Bodyguard Veena Gupta On How Naysayers Tested Her Strength And Determination
- IWB Post
- August 10, 2019
For the last two decades, Veena Gupta has been risking her life to protect the VIPs in India. Mostly seen in a saree, she’s been breaking perceptions you possibly have regarding a female security officer. IWB spoke to the braveheart, who’s known to handle dangerous situations like a real woman in a real action world.
Veena is a 49-year-old and perhaps, the first woman bodyguard of India. Equipped with the experience of Executive Protection, Risk Management, and Security Solutions, she thinks she was destined to be a Bodyguard. “I was a Hotel Management graduate who had worked in the hospitality industry for more than eight years. To train myself as a Security Agent was truly a leap of faith, a decision made in a jiffy that I took after spotting an advertisement looking for new talents in this field. I left my stable work-life behind and applied for the course,” she remembers.
Veena says her entire childhood clearly signals towards the kind of job she is currently into. She explains, “As a kid, I was an avid sports lover and would participate in all sorts of games my school used to organize. At home, I was considered the strongest among the colony’s kids and hence was always chosen to play the role of Ravana in RamLeela. Moreover, since my father was in the Indian Army, it pretty much developed my personality as who I am today.”
Her life took a brave U-turn when she appeared for the interview for a security agency. This was in 2000 when only a couple of women showed up at the venue, she says. “I saw all kinds of physically strong bodies around me, majorly men from the fields of firefighting, manpower securities, etc. I was nervous but then I wanted to give it a try,” shares Veena. To everyone’s surprise, she got selected and eventually got innumerable opportunities to bodyguard important personalities like Bollywood celebrities, Politicians, and even Ambassadors from other countries visiting India. “As a youngster, I looked up to Kiran Bedi for the kind of strength she oozes in public. Her strong personality truly inspired me and helped me move forward. However, as time passed by and I polished myself one punch at a time, I consider myself my inspiration. I tell myself to be better than what I was yesterday. I am my competition and that’s what makes me number one in the field. This is not overconfidence, this is the sheer belief in my hard work that’s talking,” she adds.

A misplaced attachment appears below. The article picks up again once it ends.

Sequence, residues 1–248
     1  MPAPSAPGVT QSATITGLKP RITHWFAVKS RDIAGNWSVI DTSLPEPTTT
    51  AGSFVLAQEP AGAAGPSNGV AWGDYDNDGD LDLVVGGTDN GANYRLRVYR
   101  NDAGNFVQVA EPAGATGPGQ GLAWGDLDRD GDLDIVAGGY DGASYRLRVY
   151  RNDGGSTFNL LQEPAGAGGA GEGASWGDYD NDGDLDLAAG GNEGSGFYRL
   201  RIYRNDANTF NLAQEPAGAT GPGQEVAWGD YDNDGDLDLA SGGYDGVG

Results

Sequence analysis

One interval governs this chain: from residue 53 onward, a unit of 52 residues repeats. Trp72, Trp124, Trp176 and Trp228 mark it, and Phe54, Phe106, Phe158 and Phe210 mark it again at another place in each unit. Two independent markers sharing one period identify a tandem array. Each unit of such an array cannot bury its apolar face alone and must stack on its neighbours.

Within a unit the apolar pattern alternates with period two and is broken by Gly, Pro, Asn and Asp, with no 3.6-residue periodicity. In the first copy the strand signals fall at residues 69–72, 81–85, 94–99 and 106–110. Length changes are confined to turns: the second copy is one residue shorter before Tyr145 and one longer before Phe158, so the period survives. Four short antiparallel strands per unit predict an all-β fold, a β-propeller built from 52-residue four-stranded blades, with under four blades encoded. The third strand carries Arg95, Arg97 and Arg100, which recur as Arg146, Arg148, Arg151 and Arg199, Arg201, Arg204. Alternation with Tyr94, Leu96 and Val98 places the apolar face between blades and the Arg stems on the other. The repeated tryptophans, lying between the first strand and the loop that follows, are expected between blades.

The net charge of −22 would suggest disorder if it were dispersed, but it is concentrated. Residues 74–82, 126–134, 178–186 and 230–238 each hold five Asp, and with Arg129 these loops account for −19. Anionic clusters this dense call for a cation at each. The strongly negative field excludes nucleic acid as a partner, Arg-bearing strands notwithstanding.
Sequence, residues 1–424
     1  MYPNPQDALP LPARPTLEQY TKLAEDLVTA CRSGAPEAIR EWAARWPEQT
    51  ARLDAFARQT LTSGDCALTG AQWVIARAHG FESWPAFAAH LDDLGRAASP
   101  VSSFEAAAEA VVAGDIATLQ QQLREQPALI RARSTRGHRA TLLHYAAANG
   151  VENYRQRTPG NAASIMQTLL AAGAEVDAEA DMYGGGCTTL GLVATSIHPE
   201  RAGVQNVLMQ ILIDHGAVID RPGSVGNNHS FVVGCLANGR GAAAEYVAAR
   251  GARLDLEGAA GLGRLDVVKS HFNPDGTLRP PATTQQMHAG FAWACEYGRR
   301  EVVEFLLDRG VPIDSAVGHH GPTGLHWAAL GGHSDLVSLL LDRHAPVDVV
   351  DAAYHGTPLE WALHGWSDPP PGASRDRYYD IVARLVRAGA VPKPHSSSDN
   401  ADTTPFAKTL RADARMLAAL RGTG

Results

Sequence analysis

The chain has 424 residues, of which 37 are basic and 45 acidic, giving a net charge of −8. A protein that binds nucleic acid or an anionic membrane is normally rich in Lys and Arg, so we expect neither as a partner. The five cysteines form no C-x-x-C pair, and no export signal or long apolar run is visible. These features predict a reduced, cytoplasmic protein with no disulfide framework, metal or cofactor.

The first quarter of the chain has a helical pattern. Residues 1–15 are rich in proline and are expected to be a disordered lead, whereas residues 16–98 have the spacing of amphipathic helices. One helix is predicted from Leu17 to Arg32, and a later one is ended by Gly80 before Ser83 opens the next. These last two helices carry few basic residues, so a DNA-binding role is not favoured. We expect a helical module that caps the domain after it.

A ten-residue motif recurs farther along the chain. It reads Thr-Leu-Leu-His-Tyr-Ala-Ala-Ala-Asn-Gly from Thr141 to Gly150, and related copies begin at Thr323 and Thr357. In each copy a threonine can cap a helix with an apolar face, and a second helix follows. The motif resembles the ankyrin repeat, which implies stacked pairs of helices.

Today, she bodyguards not more than 50 people in a year as she is busy managing her company called Seam Group Services that provides bodyguard training and other security solutions to its clients. Under this entrepreneurial banner, she is training both men and women to generate a whole new crop of brilliant bodyguards in our country. Along with this, she also organizes regular camps on topics like fire safety, emergency procedures, road safety, women safety, soft skills, etc.
Wonder what does she do to keep her body fit and mind alert? “I train every day without fail. To protect someone, we need the presence of mind more than anything. If you miss out on a piece of important information, your client’s life is put to risk and you don’t want that to happen. For that, I combine meditation with Karate and Krav Maga – a military self-defense and fighting system developed for the Israel Defense Forces,” Veena reveals.
When asked why more women should join the security service industry, she explained that this profession can not only make them feel stronger physically but also financially. “The beginners can charge anything between Rs. 1000-3000 per night. The fee goes up along with one’s experience.”
“When you are a Bodyguard, you don’t have to look like one. The idea is to appear as a commoner so the criminal doesn’t spot you at all. I usually wear sarees, that has somehow become my identity. No makeup, no jewelry, no high heels, no bright colours. When I’m wearing pant-suits, the same rules follow,” she says.
After reading Veena’s story of success and watching her stand on the podium of TEDx to deliver her victory speech, one might think that her life has been sailing quite smoothly so far. The answer lies at the beginning of her career, right before she went on to become the trailblazer in this field. She remembers, “This is not a 9-5 job where you get to come back home on time and enjoy a hearty meal with your family. I was required to work at odd hours and even stay out of home for the entire night. Sometimes, I had to travel to new cities with my clients. This style of working didn’t go well with my family and as a result, they started objecting. Adding to the drama were our neighbors who made sure my family forms a narrow perception regarding a married woman that she shouldn’t step out after 7 pm, especially without her husband accompanying her. I did try convincing and giving explanations – but neither it worked not did I give up. Things only changed in my favor when I started gaining fame and media showed interest in telling my story. Today, my husband and the entire family is as supportive as they can be.”
In a world where most of the protagonists are men, it’s important we keep celebrating and talking about women like Veena for taking up such nerve-wracking jobs. To know more about her, click here.